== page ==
[BioC] edgeR - ANOVA-like test for differential gene expression

Ryan rct at thompsonclan.org
Wed Jun 26 18:11:18 CEST 2013

Hi Benedikt,

When do you coef=2:4, what you are actually doing is comparing the full 
model against a model where those coefficients are deleted entirely. 
What remains after deleting those coefficients is just the intercept 
term. Hence, you are testing all possible contrasts between conditions. 
There are 6 contrasts, but they are redundant, and there are only 3 
degrees of freedom being tested (since you are testing 3 coefficients). 
If you use topTable, you will get logFC values for 3 of the 6 contrasts. 
The other 3 logFC values can be calculated by subtracting the logFC 
values you have.

-Ryan Thompson

On 6/26/13 8:43 AM, Benedikt Drosse wrote:
> Dear edgeR users,
> I worked my way through the user's guide of edgeR. However, I still 
> have some questions and problems understanding  the anova-like way of 
> analyzing differential gene expression. I would be very grateful for 
> any help or suggestion. I hope I did not overlook any earlier post 
> concerning the same topic.
> My RNAseq data are derived from 4 different developmental stages with 
> 3 biological replicates each (see overview). I am interested in genes 
> differentially expressed between any of the developmental stages.
> I am not sure, which way of analysis is best to answer this question. 
> Making the "Anova-like" model asking for all contrasts at once or 
> doing all possible contrasts one by one.
> In principle the "anova-like" way of analysis should fit best to my 
> question, if I understood the edgeR user's guide correctly. So I make 
> a model matrix as given in "design" and fit the glm model for the 
> effect of Development including the intercept. To ask for expression 
> differences between any of the developmental stages I use "coef=2:4" 
> in the call of glmLRT.
> So my questions are:
> Will coef=2:4 yield only the contrasts of Development2-Development1, 
> Development3-Development1, Development4-Development1 (as it is 
> described in the user's guide),
> or will it also test the contrasts of Development3-Development2, 
> Development4-Development2 and Development4-Development3, which would 
> also be important contrasts for me to analyze?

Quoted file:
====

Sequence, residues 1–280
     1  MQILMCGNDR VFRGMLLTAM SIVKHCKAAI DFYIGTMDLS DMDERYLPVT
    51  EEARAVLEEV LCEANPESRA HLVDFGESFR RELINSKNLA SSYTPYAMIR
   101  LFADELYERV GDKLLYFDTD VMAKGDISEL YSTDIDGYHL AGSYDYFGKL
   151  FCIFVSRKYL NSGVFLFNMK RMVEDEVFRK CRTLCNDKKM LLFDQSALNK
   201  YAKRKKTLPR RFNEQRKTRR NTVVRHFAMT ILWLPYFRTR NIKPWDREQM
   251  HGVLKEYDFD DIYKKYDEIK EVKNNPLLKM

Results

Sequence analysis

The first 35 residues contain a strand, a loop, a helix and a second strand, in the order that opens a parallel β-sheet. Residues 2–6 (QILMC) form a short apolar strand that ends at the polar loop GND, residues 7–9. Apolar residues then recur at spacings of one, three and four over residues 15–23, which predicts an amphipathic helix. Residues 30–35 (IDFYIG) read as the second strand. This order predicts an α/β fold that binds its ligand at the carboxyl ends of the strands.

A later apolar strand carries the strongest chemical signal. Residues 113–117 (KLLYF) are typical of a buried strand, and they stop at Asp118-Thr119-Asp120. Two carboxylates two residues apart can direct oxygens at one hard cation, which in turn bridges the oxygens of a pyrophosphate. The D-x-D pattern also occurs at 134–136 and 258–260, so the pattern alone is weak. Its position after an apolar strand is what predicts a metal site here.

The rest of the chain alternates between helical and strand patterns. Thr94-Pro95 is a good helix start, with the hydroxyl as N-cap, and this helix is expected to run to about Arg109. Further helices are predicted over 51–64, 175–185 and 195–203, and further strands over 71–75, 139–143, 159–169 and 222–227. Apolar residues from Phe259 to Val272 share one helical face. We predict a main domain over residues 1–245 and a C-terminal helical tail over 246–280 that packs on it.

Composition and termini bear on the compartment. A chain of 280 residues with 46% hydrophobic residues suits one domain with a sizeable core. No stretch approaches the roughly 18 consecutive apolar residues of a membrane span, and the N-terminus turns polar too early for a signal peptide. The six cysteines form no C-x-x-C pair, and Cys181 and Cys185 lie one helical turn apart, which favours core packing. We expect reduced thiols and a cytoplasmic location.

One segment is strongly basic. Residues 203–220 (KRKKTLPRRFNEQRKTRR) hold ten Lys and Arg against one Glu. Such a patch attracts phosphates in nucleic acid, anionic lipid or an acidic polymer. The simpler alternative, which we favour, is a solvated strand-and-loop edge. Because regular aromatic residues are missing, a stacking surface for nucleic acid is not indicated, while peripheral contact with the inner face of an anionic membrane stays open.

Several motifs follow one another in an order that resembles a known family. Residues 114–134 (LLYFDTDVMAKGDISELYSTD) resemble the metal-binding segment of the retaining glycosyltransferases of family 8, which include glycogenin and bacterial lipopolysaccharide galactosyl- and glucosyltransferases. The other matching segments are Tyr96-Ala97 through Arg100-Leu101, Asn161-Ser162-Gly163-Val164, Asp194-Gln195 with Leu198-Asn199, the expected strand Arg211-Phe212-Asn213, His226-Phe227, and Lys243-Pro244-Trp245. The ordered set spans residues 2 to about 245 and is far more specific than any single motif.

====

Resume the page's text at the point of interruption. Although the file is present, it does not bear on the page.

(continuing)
> For further filtering and candidate gene identification I would like 
> to extract the logFoldChanges and significance level between any of 
> the developmental stages.
> If the "anova-like" analysis provides all of the six possible 
> contrasts, is there an easy way to extract logFC and significance 
> level for any of these contrasts from the resulting glmLRT-output?
> If the anova-like analysis does NOT yield ALL of the possible 
> contrasts, I would have to make the contrasts one by one.
> In this case would it be more useful to build the glm model without an 
> intercept (see design_2), and then ask for the six contrasts 
> separately as indicated in the comment of glm_data_2?
> Doing so it would be easy for me to get the logFC and the 
> corresponding signficance level.
> Is it conceptionally wrong to do the single contrasts instead of an 
> anova-like analysis concerning the multiple testing problem (6 tests 
> instead of 1)?
> I will be very grateful for any comment on my questions,
> Best regards,
> Benedikt Digel
> #R code:
> overview = matrix(nrow=12, ncol=1)
>     overview[,1] = factor(c(1,1,1,2,2,2,3,3,3,4,4,4))
>         colnames(overview) = "Development"
>         rownames(overview) = paste("library_", 1:12, sep="")
> design = model.matrix(object = ~Development)
>     fit = glmFit(y=data_with_tagwiseDISP, design=design) # I did not 
> provide the corresponding data for the analysis, since it should just 
> indicate the way I call glmFit
>         glm_data = glmLRT(glmfit=fit, coef=2:4)
> design_2 = model.matrix(object=~0+Development)
>     fit_2 = glmFit(y=data_with_tagwiseDISP, design=design_2)     # I 
> did not provide the corresponding data for the analysis, since it 
> should just indicate the way I call glmFit
>         glm_data_2 = glmLRT(glmfit=fit_2, contrast=c(-1,1,0,0)) # 
> c(-1,0,1,0); c(-1,0,0,1); c(0,-1,1,0); c(0,1-,0,1); c(0,0,-1,1) all 
> possible contrasts to extract effects of all comparisons

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